The increased focus by our society on systemic racism and hate based on skin color, religion, or lifestyle, is an important movement.  The entire staff at Parent Magazines Florida stands behind working toward a world of equity and inclusion.  If you are one of our readers and don’t see yourself or your children in our magazine, please let us know.  We work each month to embrace diversity in our publication, and we would love your feedback.

Normally, we would be talking about a new semester for our students, but the late start in 2020 leaves us with a few weeks left, and we are hoping your children have a strong finish to the semester.  

January gives us a time to organize our homes, finances, and taxes.  We are happy to cover talking with your kids about money, and we have invited an expert in tax preparation to update us to what is new in filing your 2020 taxes, and what you may need to consider that you did not have to last year.  

As always, we have included articles to help you navigate parenthood, teaching kids how to make good decisions, and how to help your older kids deal with the pandemic.  

And lastly, because attitude guides everything we do, we have included an article on New Year, New Attitude!

I wishing each and every one of you a wonderful New Year, and we are looking forward to walking through it with you!  Please let us know what you would like to see and read in this publication.  Thank the partners you see next to our articles.  It is their support that allows us to share this information with you.  

If you have any questions or input, please contact me at 386-449-8353.

With warmest wishes,

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From the Volusia County School Board

There usually isn’t anything more satisfying than having a perplexing problem resolved. As we begin a new calendar year, January traditionally has been the month for all of us to establish what we want to improve, and then the pressure begins to “get it done!”

However, this year opens like no other year has before.

As a nation, as a state, and as a community, we have so many challenges before us to work through, but there is much light before us, as well. Whether our concerns be personal, educational, medical, physical, or economic, it’s all about understanding why they need to be figured out.

I have typically been unsuccessful in losing the 10 pounds I want to lose each year, so this past year, I decided to be more realistic! I sat down to truly examine how I conducted myself through my days, realizing that what I needed to accomplish my goals was to actually utilize the technology at my fingertips.

I desperately wanted to be successful. So I admitted that I wanted to use what so many others were easily using – Google Calendar. And, yes, my daughter taught me. I adhered to her patient instructions and Oh My Goodness, my life has been transformed! I’m organized; I’m on time; my family now knows where I am and what I’m up to! Did I realize that was a challenge? Of course not!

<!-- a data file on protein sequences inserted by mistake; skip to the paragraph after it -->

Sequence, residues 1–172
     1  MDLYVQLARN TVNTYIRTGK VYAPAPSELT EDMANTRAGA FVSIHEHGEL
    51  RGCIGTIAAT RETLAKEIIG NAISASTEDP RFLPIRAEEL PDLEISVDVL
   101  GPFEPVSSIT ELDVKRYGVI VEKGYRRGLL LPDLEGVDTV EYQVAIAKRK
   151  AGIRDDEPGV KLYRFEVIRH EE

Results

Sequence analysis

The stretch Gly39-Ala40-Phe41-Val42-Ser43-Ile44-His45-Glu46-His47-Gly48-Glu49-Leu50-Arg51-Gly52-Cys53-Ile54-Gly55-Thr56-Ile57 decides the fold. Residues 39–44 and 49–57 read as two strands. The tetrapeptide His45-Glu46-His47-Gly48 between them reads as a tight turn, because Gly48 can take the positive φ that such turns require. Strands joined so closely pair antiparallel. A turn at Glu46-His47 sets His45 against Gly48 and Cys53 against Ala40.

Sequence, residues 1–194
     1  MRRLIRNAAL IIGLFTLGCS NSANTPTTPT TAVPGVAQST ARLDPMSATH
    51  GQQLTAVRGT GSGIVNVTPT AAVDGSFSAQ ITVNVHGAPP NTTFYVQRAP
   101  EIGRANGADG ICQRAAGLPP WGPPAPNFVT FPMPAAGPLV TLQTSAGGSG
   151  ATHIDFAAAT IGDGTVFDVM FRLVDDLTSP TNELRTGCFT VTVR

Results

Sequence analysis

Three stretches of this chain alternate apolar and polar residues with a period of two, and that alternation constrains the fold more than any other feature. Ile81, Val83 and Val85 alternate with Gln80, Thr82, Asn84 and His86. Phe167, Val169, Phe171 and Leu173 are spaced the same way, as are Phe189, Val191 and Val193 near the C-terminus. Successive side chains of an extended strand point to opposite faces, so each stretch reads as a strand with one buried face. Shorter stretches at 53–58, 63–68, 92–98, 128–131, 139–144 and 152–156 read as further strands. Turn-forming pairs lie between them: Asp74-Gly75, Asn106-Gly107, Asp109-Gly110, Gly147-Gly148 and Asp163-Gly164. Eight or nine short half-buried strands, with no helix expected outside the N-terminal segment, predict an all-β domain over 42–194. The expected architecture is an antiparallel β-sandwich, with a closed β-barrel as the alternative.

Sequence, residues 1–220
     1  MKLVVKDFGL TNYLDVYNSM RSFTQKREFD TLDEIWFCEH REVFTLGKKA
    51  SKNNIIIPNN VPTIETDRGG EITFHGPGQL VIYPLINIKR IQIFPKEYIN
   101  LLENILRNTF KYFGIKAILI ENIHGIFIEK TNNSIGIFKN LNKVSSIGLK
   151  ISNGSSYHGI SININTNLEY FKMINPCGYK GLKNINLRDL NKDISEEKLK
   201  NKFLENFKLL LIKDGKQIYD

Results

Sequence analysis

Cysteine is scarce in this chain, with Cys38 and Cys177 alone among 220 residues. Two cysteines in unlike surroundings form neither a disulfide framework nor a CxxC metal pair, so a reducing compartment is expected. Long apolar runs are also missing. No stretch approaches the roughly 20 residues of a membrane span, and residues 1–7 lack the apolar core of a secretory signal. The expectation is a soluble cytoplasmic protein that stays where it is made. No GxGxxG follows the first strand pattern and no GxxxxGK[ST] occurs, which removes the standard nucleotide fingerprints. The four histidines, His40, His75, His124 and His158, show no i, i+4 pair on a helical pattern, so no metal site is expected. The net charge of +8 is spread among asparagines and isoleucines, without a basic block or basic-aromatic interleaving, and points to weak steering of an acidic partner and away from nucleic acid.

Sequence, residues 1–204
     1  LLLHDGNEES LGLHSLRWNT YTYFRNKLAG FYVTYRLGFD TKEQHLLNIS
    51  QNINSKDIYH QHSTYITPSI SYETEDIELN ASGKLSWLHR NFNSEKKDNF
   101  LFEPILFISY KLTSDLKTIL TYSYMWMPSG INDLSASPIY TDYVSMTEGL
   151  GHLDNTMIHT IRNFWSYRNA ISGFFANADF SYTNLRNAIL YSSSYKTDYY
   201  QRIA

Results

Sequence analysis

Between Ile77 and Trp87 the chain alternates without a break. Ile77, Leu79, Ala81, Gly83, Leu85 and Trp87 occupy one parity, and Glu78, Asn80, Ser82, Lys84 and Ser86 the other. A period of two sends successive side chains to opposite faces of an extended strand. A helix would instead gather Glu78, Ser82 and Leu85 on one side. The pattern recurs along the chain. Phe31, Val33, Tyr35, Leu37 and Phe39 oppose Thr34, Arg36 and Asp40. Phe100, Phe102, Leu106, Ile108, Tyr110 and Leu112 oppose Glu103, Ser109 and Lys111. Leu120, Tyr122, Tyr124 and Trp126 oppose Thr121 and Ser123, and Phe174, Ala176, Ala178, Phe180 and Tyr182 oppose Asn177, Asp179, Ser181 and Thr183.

January resolutions looming before us don’t have to be set in stone, nor do they even require an immediate 2021 start. Setting goals is a year-long endeavor.

No, I did not lose 10 pounds and I’m not predicting that for myself this year either. I haven’t yet thought about what challenge to conquer for the new year, but I’m quite sure it will reveal itself when I least expect it. I’ve learned that I should simply be realistic about resolutions, and not stress about what I can’t control. And, listening to one’s children doesn’t hurt either!

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Ask The Doctor: My kid won’t wear a mask

5 tips to help children struggling with facial coverings.

Is your kiddo going back to school in-person in the new year? If your child has been distance learning at home during COVID-19, he or she may not be used to getting dressed and putting on shoes each morning, let alone wearing a mask all day! But keeping a mask on while in the classroom will help your child, his or her classmates, and the teachers stay safe.

Daniel Thimann, MD, FAAP, board-certified pediatric emergency medicine specialist at Wolfson Children’s Hospital, sees children of all ages in the hospital each day. Some of his patients are totally fine with wearing masks, while others aren’t. He encourages all children and parents he encounters to take precautions.

“The American Academy of Pediatrics (AAP) recommends face masks of some sort for kids age 2 and older. We know that’s going to help protect your child from getting the coronavirus and decrease the odds of spreading it to others,” said Dr. Thimann. “That being said, you may try your best to keep your kid’s mask on his or her face, but sometimes you just can’t. It’s hard to break the will of a child.”